> whose seminal contribution is increasingly felt in the twenty first
> century. His name is identified with the construction of socialism in
> the Soviet Union, the victory over fascism in the Second World War and
> the transition to communist society. These colossal victories would not
> have been possible without the defeat of the oppositions led by Trotsky
> and Bukharin who opposed socialist industrialisation and
> collectivisation. By the time of the death of Stalin a large people’s
> democratic camp had been built up in central and eastern Europe and Asia
> alongside the USSR.
> Yet the writings of Stalin are not easy to locate despite the fact that
> a number of websites include some of his works. 13 Volumes of the Works
> were completed in English prior to the Twentieth Congress of the CPSU in
> 1956. The dummy of Volume 14 had been printed prior to this event and
> the publication of the volume was announced before the Closed Speech. It
> was not to be printed. The Soviet archives show that preparatory work
> had also begun for volumes 15-17 of the Works of Stalin. This archive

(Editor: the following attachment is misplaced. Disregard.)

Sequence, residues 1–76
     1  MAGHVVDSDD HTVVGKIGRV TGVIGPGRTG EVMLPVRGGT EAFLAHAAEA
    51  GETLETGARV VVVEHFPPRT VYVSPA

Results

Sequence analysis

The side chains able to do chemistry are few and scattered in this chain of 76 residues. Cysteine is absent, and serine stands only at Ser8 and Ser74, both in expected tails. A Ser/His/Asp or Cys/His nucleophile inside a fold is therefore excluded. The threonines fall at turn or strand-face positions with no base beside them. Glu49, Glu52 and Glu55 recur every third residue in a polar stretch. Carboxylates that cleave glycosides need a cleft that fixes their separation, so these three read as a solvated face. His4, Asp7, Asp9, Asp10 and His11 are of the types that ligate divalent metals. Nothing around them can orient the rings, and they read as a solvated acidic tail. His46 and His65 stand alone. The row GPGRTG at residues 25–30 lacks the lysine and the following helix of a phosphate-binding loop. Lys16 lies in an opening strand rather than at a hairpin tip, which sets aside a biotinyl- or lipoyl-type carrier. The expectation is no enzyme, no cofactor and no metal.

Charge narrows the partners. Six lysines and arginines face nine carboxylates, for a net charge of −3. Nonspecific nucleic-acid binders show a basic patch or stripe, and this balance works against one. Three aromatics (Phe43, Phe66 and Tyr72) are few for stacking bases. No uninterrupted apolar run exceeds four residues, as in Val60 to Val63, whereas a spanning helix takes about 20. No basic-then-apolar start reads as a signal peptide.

> represents an attempt to widen the availability of the writings of this
> classic of Marxism. We begin by reconstituting Volumes 14 to 18 of the
> Works of Stalin which were published by Red Star Press, London in the
> 1970s and 1980s. These volumes which are much in demand have been out of
> print for many years. The Red Star Press compilation drew upon the
> labours of communists who had gathered materials for the publication of
> the Works of Stalin in French and German. Separate from these endeavours
> communists in Albania and Spain independently compiled volumes 14 in
> their languages. In the United States, Volumes 14 to 16 were published
> in Russian from Stanford based upon the official Soviet publications.
> Under Khrushchev and Brezhnev some of the contributions of Stalin
> bearing upon diplomatic matters were published in the Soviet Union. We
> are placing a part of these on the web. After the fall of the USSR
> volumes 14 to 18 have been published in Russian and more are under
> preparation under the editorship of Prof. Richard Kosalapov. With the
> opening up of the Stalin Archive currently held in the former Central
> Party Archive of the CPSU a considerable part of the vast body of
> Stalin’s writings are now available in the public domain. In the near
> future we plan to put on the web in a chronological form some of
> Stalin’s writings which are not included in existing collections. This
> is an international task and we appeal for assistance on this in terms
> of the location of materials and the translation of Stalin’s writings
> from the Russian. Those who wish to help in this cause may contact us
> at: editor_revdem at rediffmail.com <editor_revdem%40rediffmail.com> <mailto:
> editor_revdem%40rediffmail.com <editor_revdem%2540rediffmail.com>>
Peace Is Doable